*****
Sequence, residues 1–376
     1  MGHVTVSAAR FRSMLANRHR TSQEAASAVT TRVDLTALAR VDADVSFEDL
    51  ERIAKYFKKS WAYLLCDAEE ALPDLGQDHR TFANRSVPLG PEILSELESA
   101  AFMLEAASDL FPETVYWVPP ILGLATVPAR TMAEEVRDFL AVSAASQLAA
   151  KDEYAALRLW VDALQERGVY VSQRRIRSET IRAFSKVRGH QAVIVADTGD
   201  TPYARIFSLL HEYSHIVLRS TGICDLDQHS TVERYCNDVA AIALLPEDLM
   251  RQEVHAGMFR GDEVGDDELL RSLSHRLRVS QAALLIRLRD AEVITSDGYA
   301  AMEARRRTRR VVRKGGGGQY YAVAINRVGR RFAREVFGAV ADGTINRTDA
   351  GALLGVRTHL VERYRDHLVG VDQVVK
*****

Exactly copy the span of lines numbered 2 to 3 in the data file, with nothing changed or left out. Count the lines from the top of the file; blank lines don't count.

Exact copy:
     1  MGHVTVSAAR FRSMLANRHR TSQEAASAVT TRVDLTALAR VDADVSFEDL
    51  ERIAKYFKKS WAYLLCDAEE ALPDLGQDHR TFANRSVPLG PEILSELESA